The federal government won’t intervene to help Medecins Sans Frontieres continue providing mental health treatment for asylum seekers on Nauru.
MSF (Doctors Without Borders) was given 24 hours to leave Nauru on Friday, after being told by the Nauruan government its free psychological and psychiatric services were no longer required.
The organisation has provided mental health services to both Nauruans and refugees since November 2017.
“The relationship between Medecins Sans Frontieres and the Nauruan government is a matter for them,” Health Minister Greg Hunt told ABC radio on Monday.
“For us, we have been working with International Health and Medical Services, we will continue to focus on them.”
The abrupt dismissal follows a report by two prominent Australian refugee organisations saying most refugee children on Nauru are experiencing life-threatening mental health problems, including not eating or drinking and suicidal symptoms.
When asked about the mental health of refugee children on Nauru, Mr Hunt said the government’s tough border policy was vital to stopping deaths at sea and more boat arrivals would lead to a “massive spike” in people placed in detention.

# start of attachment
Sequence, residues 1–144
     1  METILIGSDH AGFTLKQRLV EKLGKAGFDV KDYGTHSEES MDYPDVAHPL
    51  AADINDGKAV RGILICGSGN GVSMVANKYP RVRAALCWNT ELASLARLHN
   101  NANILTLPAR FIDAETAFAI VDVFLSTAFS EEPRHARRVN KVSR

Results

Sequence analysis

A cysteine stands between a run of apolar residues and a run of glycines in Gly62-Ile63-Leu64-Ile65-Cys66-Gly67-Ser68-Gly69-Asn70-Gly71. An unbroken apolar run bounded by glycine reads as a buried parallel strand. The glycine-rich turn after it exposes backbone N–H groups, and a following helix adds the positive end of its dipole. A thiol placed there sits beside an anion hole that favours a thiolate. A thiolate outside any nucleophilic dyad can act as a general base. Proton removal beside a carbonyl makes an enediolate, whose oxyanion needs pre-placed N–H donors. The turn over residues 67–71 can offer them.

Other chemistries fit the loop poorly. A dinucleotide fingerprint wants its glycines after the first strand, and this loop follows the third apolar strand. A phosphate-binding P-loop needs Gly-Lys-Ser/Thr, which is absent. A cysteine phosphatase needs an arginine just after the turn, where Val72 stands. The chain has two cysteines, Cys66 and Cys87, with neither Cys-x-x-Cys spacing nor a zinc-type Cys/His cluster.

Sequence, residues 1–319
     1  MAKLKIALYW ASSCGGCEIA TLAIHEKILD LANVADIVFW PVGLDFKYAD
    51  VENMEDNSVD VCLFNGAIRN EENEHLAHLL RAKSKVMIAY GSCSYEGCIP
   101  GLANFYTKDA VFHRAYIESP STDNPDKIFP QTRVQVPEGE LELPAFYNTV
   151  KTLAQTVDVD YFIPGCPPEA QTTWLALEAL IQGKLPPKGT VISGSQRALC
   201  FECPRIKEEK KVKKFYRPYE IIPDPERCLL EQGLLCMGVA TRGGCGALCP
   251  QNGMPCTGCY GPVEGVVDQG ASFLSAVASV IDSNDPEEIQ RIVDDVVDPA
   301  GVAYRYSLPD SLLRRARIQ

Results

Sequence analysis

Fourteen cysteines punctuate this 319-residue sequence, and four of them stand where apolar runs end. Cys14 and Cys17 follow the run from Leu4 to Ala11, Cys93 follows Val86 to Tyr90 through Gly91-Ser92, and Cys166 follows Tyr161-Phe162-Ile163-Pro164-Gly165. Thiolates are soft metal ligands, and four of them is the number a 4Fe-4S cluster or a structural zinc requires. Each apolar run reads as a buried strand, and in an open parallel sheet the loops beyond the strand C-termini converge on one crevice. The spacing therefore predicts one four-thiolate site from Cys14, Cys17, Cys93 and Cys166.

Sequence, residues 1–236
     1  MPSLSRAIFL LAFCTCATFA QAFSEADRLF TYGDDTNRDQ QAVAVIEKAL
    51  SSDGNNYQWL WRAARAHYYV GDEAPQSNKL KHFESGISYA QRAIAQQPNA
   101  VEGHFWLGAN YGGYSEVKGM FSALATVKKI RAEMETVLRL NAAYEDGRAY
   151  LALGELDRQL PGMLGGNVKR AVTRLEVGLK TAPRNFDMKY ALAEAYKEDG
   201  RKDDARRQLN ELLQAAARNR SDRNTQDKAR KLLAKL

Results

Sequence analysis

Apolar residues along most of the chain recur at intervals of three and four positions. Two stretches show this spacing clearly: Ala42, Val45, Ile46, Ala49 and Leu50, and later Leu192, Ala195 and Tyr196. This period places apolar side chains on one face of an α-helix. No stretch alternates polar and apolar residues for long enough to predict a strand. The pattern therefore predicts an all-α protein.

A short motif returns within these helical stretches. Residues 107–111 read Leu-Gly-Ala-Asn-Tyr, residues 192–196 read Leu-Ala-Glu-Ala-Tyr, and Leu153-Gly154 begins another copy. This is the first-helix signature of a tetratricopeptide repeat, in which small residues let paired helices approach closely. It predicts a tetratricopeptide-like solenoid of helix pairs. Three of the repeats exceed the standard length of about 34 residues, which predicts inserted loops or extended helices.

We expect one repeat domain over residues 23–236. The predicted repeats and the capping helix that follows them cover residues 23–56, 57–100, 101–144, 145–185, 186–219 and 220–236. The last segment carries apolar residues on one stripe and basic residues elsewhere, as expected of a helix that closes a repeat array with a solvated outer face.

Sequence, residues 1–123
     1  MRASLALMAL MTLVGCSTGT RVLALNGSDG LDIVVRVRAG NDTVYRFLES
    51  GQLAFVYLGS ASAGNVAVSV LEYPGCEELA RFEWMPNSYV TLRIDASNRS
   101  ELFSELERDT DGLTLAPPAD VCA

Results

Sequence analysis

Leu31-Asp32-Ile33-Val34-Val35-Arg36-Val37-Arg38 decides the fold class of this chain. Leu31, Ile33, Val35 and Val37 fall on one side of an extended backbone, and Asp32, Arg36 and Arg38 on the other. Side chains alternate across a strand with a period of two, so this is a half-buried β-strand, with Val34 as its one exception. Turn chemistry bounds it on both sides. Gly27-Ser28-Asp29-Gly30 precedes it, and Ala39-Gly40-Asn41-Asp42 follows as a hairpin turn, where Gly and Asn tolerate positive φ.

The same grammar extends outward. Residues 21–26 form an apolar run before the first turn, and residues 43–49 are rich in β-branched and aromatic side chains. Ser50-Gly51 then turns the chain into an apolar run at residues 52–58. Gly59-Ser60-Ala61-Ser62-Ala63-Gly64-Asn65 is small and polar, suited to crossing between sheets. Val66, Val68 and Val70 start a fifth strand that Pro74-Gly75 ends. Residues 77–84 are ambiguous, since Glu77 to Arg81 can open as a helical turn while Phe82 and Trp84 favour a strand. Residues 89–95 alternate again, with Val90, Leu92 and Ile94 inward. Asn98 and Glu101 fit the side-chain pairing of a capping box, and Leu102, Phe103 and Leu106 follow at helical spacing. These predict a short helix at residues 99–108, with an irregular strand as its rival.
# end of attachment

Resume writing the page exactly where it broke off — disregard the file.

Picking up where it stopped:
The health minister insists Australia is always working to improve services on Nauru.
“We are always, always, working with both the Australian authorities and the Nauruan government to provide additional and increased services.”
Advocacy group Refugee Action Coalition and MSF fear the mental health of asylum seekers will worsen with the organisation’s removal.
“We are extremely concerned that the health of our patients may be affected by this decision and urge the authorities to grant us permission to continue our lifesaving work,” MSF said in a statement.
“At this stage MSF wishes to reiterate our strong commitment to providing quality mental health care to all those in need on the island.”
MSF uses more than 30,000 doctors, nurses and other mostly volunteer personnel to provide medical aid in over 70 countries.
The federal government on Sunday announced an inquiry into Australia’s mental health system, to look at the impact of mental illness on the economy and scrutinise the $9 billion spent a year by federal, state and territory governments.
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